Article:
Forthcoming changes to the UK immigration landscape
April 2017 will see a number of changes to UK immigration, marking the completion of the amendments originally laid out by the Minister of State for Immigration in March 2016.
Tier 2 (General) and Tier 2 (ICT)
Introduction of the Immigration Skills Charge
The Immigration Skills Charge (‘ISC’) will apply to applicants across both the Tier 2 (General) and Tier 2 (ICT) categories.
This new charge will apply to all Tier 2 employers at a standard rate of £1,000 per person per year, with a reduced rate of £364 for smaller businesses and charities.
The Government has offered exemptions to this charge in three categories: Tier 4 students switching into the Tier 2 category, occupations at PhD level, and for Tier 2 (Intra-Company Transfer) Graduate Trainees.
The cost will attach to the £199 charged for the Certificate of Sponsorship, and will be payable online at the point of assigning the CoS.
The implementation of the ISC will significantly increase the costs of mobility into the UK where employers are not recruiting from any of the exempted categories. Exemptions are geared towards high-value migrations and the fostering of new talent in the UK.
Tier 2 (ICT)
Abolition of Tier 2 (ICT - Short Term Staff) route
April will see the closure of the ICT - Short Term Staff route to new applicants. This marks the streamlining of the Tier 2 ICT category, which will now have only two categories rather than four, the Tier 2 ICT - Long Term Staff and Tier 2 ICT - Graduate Trainee routes. It will require a minimum salary of £41,500 for those not applying through the Graduate Trainee route.
Those employers with significant output on short-term projects will be forced to consider the scope of projects and deployment of expatriate staff. Traditional sector users of the Short Term visa category, such as IT, Oil and Gas, and Engineering, will need to be mindful that expatriates working on shorter-term projects could be caught by the 12 month ‘cooling off’ period which follows the expiration of a standard Tier 2 visa. Any employees coming to the UK will have to apply under the ICT - Long Term Staff category with the higher minimum salary of £41,500, rather than the current £30,000.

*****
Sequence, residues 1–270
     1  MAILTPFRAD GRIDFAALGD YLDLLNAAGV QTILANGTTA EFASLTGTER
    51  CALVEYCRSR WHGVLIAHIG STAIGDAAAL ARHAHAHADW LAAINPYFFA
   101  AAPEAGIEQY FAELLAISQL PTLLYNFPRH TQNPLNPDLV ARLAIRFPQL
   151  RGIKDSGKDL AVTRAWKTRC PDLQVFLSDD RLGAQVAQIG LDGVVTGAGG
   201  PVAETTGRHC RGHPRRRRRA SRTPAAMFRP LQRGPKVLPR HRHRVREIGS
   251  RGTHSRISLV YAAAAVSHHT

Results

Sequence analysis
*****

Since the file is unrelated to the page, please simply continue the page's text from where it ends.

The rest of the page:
Changes to the Tier 2 (ICT- Long Term Staff) route
The closure of the Short Term Staff route means that the Tier 2 ICT - Long Term Staff becomes the default ICT category for those not eligible for a Graduate Trainee visa.
Those earning over £73,900 annually will no longer be required to have 12 months’ prior employment with their sponsor allowing for the rapid recruitment and deployment of senior staff into UK operations.
The high-earner threshold for extensions under Tier 2 ICT will be reduced from £155,300 to £120,000, allowing those who meet this criteria to remain in the UK for up to nine years.
The ICT category will now carry additional flexibility for senior staff and project managers deployed to the UK on expatriate assignments. The lowering of the threshold only affects the ability to extend the visa in-country up to nine years. It does not affect the avoidance of the 12 month cooling-off period or resident labour market test requirement which remains at £155,300.
Tier 2 (General)
Changes to salary threshold in Tier 2 (General)
Tier 2 (General) salary thresholds for experienced workers will be increased to £30,000 in April 2017, following on from the uplift to £25,000 already enacted in late November.
New Entrants will not be affected, and will have the minimum threshold of £20,800 maintained.
Certain health and education professionals will be exempt from the higher threshold until July 2019.
This increase in the minimum salary threshold is likely to impact sectors which have lower Experienced Worker SOC codes; traditionally from the IT, Education, and Financial Accounting sectors.
Waiving of the Resident Labour Market Test
The Resident Labour Market Test (‘RLMT’) is a core element of many Tier 2 (General) applications with significant time implications for Sponsors wishing to demonstrate to the UK Government that the recruitment of migrant labour is justified and does not displace the existing UK workforce.
In an attempt to foster inward investment, high-value business migration will see the requirement for RLMT waived.
While the Government is yet to clarify the exact scope and definition of this exemption, start-ups and investors can potentially benefit from a more streamlined route to recruiting global talent into their businesses.